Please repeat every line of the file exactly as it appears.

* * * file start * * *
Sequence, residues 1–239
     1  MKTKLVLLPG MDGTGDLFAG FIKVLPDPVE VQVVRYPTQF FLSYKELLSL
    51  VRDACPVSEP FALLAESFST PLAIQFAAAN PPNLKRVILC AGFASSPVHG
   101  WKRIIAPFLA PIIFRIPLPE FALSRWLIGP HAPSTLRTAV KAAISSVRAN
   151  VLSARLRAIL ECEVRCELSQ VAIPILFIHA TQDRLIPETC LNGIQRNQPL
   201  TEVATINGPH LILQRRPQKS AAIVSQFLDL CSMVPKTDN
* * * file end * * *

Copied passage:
Sequence, residues 1–239
     1  MKTKLVLLPG MDGTGDLFAG FIKVLPDPVE VQVVRYPTQF FLSYKELLSL
    51  VRDACPVSEP FALLAESFST PLAIQFAAAN PPNLKRVILC AGFASSPVHG
   101  WKRIIAPFLA PIIFRIPLPE FALSRWLIGP HAPSTLRTAV KAAISSVRAN
   151  VLSARLRAIL ECEVRCELSQ VAIPILFIHA TQDRLIPETC LNGIQRNQPL
   201  TEVATINGPH LILQRRPQKS AAIVSQFLDL CSMVPKTDN